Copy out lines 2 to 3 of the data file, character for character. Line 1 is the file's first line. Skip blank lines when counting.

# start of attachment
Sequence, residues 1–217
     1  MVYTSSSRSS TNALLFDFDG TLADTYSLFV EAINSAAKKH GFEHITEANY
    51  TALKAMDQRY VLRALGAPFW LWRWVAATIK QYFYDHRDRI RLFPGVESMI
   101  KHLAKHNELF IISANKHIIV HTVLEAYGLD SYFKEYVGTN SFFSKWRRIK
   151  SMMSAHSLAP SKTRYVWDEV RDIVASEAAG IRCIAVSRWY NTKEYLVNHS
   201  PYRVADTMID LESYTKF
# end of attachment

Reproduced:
     1  MVYTSSSRSS TNALLFDFDG TLADTYSLFV EAINSAAKKH GFEHITEANY
    51  TALKAMDQRY VLRALGAPFW LWRWVAATIK QYFYDHRDRI RLFPGVESMI